This large long-term follow-up of HIV-infected children indicates that HZ remains a common infectious complication in the post-HAART era, where the HZ IR is at least 10 times greater than reported from uninfected children.33,34 The high prevalence of HZ represents a significant burden for HIV-infected children, their caretakers, and their medical providers and has the potential to temporarily interfere with specific therapy for HIV and temporarily increase the quantity of circulating HIV. This persistent high IR is partially explained by children who have a failed response to HAART as indicated by the correlation of HZ incidence with CD4%. This is probably especially true of the patients who had multiple episodes of HZ. It is also likely that some patients who developed HZ had an incomplete response to HAART. There is some evidence that VZV-specific CMI, which is essential for maintaining latency of VZV in ganglia, may fail to recover in many HIV-infected patients despite a vigorous increase in CD4 count and CD4%.35 That evidence suggests that in some patients, certain specific antigens must be presented anew to the immune system to stimulate adequate functional immune responses and to develop adequate and persisting specific immune memory. This is not a problem with ubiquitous antigens (eg, Candida) to which specific immune responses are readily reestablished, whereas VZV-specific immunologic memory cannot be reestablished without either subclinical reactivation of VZV or an attack of HZ.34 This is also consistent with our observation that the CD4% at the time of HZ has increased substantially since HAART was introduced. Thus, comparing CD4 lymphocytes at the time of HZ (<15%; 15%-24%; ≥25%), we found that before 1996 these categories contained 56%, 27%, and 16% of HZ cases, respectively; from 1996 to 2000, the distribution was 44%, 24%, and 31% and from 2001 to 2006, the distribution was 28%, 35%, and 35%. This indicates that an increasing proportion of HZ in HIV-infected children is occurring at higher CD4%, consistent with our argument that immune reconstitution is not “functionally” complete. This suggests that a VZV vaccine could be used to boost immune responses in these children, as it does in normal adults with declining VZV-specific CMI,22 and thereby further reduce the incidence of HZ. Phases 1 and 2 pilot studies of this concept have been undertaken by administering the licensed varicella vaccine to HIV-infected children and adults who previously had varicella (Gershon AA, MD, Levin MJ, MD, Weinberg A, MD, unpublished data, 2008; Weinberg A, MD, Brady K, MD, Lavin M, MD, MacGregor R, MD, unpublished data, 2005). A better candidate to test this concept is the more potent VZV-containing vaccine that is being administered to elderly people to prevent and/or attenuate HZ.36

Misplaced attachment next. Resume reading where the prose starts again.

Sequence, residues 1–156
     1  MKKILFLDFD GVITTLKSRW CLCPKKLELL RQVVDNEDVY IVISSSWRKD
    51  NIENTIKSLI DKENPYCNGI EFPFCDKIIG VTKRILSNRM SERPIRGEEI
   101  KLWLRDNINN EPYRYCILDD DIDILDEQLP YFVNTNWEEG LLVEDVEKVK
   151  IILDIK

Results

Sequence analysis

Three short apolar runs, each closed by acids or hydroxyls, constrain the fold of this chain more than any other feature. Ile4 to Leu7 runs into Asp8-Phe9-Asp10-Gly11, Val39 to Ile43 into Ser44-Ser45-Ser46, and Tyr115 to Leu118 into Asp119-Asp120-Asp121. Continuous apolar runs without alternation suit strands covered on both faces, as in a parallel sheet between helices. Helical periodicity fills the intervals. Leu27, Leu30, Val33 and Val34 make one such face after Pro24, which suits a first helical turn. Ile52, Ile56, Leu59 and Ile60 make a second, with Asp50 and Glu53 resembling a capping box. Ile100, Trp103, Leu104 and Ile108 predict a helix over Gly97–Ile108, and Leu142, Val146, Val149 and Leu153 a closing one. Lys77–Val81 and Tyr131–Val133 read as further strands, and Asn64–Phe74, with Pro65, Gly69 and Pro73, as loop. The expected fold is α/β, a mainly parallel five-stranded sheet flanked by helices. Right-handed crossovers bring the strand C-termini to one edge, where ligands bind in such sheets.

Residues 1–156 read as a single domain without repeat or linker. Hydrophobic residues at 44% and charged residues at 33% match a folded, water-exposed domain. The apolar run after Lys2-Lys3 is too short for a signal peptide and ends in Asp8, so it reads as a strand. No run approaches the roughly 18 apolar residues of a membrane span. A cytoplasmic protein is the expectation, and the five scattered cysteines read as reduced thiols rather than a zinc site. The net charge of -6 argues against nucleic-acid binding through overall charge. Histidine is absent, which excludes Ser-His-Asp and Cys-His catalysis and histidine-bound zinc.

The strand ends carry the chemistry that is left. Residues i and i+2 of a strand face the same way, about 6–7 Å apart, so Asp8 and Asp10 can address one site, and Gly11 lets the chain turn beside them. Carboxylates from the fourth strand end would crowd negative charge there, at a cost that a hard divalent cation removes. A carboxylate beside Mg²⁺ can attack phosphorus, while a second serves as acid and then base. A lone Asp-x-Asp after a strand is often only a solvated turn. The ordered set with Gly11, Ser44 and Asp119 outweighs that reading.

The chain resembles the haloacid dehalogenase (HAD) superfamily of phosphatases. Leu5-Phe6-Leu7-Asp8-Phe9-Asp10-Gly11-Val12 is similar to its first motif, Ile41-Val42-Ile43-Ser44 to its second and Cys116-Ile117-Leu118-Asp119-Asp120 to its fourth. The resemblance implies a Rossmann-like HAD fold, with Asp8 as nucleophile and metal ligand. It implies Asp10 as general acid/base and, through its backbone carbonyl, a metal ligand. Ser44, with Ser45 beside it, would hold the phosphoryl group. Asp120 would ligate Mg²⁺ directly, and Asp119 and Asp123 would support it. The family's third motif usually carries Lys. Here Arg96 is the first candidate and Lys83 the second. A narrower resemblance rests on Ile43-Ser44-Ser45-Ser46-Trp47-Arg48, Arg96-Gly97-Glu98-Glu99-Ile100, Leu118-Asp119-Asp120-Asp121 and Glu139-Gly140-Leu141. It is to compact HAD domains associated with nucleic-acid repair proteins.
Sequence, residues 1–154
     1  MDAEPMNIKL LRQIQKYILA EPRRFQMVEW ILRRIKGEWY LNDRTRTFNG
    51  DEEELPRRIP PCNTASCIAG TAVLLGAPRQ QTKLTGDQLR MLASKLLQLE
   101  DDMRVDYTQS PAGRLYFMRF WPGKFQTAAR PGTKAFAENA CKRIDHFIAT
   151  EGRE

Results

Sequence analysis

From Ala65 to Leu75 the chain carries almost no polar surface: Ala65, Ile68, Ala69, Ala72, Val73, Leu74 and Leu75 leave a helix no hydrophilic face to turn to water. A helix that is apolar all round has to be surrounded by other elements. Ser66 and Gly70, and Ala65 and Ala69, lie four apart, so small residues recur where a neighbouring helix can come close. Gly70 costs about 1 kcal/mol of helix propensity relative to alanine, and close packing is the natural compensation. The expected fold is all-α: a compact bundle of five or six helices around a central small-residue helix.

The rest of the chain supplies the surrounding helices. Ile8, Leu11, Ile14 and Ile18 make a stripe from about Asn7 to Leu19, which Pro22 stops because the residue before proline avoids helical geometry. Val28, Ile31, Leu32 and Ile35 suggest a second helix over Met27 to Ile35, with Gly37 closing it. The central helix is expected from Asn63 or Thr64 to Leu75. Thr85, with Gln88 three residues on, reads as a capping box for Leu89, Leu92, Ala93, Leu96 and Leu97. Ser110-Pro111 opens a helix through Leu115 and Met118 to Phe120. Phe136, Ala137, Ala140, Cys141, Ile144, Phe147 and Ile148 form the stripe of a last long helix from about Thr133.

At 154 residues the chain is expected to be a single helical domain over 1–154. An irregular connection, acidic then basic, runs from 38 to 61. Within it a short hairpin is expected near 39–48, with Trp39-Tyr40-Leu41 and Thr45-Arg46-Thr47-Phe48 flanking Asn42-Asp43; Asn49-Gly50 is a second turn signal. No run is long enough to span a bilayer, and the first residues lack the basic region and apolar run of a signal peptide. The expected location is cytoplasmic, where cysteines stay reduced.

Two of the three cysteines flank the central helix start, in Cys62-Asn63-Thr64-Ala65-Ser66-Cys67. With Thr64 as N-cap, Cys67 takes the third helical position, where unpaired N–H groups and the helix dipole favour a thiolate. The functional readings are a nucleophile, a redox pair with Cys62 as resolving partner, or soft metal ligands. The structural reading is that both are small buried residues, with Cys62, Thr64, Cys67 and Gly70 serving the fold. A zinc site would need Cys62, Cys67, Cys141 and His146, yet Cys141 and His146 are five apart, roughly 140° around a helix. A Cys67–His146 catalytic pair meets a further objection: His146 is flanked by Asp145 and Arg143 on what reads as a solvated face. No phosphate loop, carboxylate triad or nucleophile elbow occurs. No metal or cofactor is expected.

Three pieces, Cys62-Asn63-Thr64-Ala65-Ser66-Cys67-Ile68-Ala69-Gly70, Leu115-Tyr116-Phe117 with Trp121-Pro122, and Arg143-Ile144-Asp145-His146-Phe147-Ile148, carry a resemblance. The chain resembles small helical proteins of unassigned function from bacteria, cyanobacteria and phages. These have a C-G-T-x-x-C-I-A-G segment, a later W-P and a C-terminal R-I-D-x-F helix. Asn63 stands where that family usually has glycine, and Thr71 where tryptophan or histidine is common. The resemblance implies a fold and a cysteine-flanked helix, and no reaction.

Supported by funding from the Statistical and Data Analysis Center at HarvardSchool of Public Health, under the National Institute of Allergy and Infectious Diseases cooperative agreement #5 U01 AI41110 with the Pediatric AIDS Clinical Trials Group and #1 U01 AI068616 with the International Maternal Pediatric Adolescent AIDS Clinical Trials Group. Overall support for International Maternal Pediatric Adolescent AIDS Clinical Trials was provided by the National Institute of Allergy and Infectious Diseases [U01 AI068632] and the Eunice Kennedy Shriver National Institute of Child Health and Human Development.
A portion of this analysis was presented at the 13th Conference on Retroviruses and Opportunistic Infections, February 5-8, 2006, Denver, CO.